The “wifey” fad basically …

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Feminism | Posted by Angela Liu on 11/22/2016

Thankful For Planned Parenthood

Thank you, Planned Parenthood

100 years ago, a young woman named Margaret Sanger opened the first-ever birth control clinic in the Brownsville neighborhood of Brooklyn, New York. Only ten days later, police raided the clinic and arrested Sanger and her staff. Sanger spent 30 days in jail, where instead of quietly acquiescing, she shared birth control information with other female inmates. After her release, Sanger opened the clinic a second time. Then, a third. Margaret Sanger went on to become the face and spirit of the American reproductive rights movement. She gave lectures across the country, distributed pamphlets, an illegal act at the time, and continued to open brick-and-mortar clinics around the country. Today, there are 650 Planned Parenthood clinics serving communities across America.

Margaret Sanger’s story reads like that …

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Feminism | Posted by Crystal Ogar on 11/21/2016

Redefine Weak

Redefine weak.

I’ve always been an emotional person. It’s something I haven’t been able to help, although at times I may have wanted to. Anger, passion, sensitivity, tears — it all naturally flows through me. I cry easily. And a lot. If I see someone else in pain, I’m angry (anger that’s often invalidated because I’m a black woman). It’s not something I’ve been able to control, although at times I have wanted to.

I grew up aware that being emotional has always been coded as “feminine” and attributed to people who exude so-called “feminine” qualities. This is most often associated with people who identify as women, but is also associated with men — almost always in the context of an insult. Men are not afforded the room to be …

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Feminism | Posted by Chloe H on 11/17/2016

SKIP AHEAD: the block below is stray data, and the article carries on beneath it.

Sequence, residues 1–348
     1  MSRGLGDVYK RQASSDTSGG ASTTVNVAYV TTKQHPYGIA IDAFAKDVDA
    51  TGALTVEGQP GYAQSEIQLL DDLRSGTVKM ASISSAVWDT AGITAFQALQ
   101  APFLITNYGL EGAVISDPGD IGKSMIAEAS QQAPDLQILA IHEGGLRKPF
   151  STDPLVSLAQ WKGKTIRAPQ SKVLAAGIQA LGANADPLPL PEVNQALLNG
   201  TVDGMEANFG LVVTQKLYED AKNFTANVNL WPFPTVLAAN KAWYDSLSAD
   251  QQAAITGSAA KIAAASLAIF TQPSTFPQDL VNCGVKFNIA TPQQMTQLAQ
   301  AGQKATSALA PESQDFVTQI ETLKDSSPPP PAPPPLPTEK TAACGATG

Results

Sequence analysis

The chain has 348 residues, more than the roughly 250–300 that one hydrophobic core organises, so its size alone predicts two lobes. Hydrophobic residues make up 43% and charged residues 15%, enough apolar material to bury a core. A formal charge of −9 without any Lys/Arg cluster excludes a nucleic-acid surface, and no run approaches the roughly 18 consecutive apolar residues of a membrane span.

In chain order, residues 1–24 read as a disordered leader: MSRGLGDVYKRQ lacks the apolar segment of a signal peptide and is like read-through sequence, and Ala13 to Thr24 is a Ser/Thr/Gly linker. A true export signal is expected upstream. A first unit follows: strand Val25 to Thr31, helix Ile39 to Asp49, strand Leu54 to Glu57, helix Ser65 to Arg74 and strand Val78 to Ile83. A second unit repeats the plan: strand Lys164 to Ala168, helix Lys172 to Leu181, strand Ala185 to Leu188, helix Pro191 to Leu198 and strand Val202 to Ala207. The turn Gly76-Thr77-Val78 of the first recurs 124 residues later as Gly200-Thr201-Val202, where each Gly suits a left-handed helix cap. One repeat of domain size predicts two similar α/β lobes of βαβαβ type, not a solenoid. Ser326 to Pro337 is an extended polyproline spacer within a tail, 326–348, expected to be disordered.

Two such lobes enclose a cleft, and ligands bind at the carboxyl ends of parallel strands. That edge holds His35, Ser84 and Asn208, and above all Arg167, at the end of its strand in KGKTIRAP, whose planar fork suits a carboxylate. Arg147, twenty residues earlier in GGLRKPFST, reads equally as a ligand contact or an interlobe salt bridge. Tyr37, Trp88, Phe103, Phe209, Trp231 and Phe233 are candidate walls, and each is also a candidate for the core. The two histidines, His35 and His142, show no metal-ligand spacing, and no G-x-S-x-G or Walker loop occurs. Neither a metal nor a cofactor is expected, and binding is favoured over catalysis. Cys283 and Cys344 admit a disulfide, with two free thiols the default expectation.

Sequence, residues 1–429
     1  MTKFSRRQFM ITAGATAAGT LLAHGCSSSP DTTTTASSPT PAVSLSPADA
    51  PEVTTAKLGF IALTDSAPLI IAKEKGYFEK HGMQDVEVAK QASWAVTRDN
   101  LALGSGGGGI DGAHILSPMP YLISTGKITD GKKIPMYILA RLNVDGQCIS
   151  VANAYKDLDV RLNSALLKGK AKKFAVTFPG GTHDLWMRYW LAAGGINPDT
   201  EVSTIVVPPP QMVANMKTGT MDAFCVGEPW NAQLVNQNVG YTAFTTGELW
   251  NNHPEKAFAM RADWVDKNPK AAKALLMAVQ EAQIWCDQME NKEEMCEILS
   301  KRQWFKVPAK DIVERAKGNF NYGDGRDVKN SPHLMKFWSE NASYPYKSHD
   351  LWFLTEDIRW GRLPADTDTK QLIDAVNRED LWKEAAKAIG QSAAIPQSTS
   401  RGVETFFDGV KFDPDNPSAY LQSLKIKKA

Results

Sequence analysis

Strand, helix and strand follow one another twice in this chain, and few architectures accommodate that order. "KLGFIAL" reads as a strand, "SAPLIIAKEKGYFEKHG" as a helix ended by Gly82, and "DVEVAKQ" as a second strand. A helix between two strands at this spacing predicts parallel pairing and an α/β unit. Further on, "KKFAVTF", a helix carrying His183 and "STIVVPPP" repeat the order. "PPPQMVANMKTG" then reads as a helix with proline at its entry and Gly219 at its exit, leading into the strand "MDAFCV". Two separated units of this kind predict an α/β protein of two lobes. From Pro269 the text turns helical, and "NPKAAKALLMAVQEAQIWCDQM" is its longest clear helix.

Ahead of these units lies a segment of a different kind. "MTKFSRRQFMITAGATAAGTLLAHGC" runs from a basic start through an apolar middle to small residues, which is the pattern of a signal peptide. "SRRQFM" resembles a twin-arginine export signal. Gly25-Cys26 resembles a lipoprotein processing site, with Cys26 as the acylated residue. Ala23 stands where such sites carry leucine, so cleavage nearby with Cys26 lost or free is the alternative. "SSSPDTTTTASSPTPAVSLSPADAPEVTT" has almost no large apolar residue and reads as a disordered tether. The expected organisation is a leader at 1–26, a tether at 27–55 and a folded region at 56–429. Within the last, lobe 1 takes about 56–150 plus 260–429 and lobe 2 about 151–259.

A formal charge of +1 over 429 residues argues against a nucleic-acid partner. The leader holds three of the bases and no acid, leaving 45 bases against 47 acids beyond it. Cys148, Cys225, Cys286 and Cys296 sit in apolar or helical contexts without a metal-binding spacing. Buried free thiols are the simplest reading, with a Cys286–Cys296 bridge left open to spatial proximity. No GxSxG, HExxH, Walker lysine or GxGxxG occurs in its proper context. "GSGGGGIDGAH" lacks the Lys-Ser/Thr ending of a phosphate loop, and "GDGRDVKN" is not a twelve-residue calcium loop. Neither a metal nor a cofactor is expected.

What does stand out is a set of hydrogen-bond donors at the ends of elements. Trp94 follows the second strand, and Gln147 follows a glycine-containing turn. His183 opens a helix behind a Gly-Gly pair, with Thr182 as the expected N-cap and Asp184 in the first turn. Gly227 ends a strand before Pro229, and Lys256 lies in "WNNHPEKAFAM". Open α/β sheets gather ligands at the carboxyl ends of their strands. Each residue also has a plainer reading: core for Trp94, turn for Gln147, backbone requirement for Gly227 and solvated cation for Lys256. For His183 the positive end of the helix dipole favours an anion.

Embracing Female Pleasure

Let’s talk about sex.

I love talking about sex with my girlfriends.  Describing the intimate, raw, and sometimes awkward moments of our experiences with sex strengthens our bonds as women and as human beings.  We talk about the lead up, the foreplay, the one-night stands, the sex-on-Saturday arrangement, the positions. We giggle, console each other, or just marvel at the differences in our experiences.

My best friend, who is 19 like me, and many of my other friends have not had sex. Their experience is a completely normal one. According to Her Campus’s Ultimate College Girl Survey 2012, which surveyed over 2,500 college women across the country, 43 percent of girls were still virgins at the time that they responded to the survey. Twenty-two percent lost their virginities between …

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Feminism | Posted by Anna V. Eskamani on 11/15/2016

Letting Compassion Win

Our President-elect

Dear Mom,

On the eve of Election Day I was restless, unable to sleep. In an effort to find peace I wrote you a letter. Filled with nervous energy, I asked for you to be there with me, to help me stay focused as I rallied UCF students on November 8th to vote for Hillary Clinton so that our nation could do what seemed near impossible: break the glass ceiling and elect the first woman President of the United States.

One week later, I am still processing our defeat. I cry not because we lost, but because of how he won. Donald Trump campaigned on an alt-right agenda, pushed against multiculturalism, used hateful rhetoric, and inspired fear in us all. As a female candidate, Clinton already had a …